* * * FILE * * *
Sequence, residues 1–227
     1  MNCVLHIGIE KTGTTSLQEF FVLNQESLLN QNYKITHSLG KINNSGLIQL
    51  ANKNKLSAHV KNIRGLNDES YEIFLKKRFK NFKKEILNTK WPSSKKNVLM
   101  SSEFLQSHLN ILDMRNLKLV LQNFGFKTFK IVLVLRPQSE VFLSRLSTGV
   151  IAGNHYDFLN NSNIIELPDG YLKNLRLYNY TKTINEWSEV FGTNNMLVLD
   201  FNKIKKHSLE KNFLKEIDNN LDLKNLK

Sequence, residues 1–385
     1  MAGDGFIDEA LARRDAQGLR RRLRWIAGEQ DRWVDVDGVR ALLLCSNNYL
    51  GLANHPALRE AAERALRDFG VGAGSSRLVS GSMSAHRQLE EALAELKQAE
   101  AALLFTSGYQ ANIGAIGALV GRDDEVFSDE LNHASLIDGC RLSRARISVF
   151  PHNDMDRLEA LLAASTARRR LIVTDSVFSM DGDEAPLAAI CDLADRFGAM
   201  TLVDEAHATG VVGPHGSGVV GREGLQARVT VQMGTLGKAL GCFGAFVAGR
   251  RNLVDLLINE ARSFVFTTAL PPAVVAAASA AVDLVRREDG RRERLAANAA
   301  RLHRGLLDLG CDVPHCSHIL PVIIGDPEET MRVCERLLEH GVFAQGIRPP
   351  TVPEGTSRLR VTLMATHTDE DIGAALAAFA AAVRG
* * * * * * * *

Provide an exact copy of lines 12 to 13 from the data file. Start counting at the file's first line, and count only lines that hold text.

   201  TLVDEAHATG VVGPHGSGVV GREGLQARVT VQMGTLGKAL GCFGAFVAGR
   251  RNLVDLLINE ARSFVFTTAL PPAVVAAASA AVDLVRREDG RRERLAANAA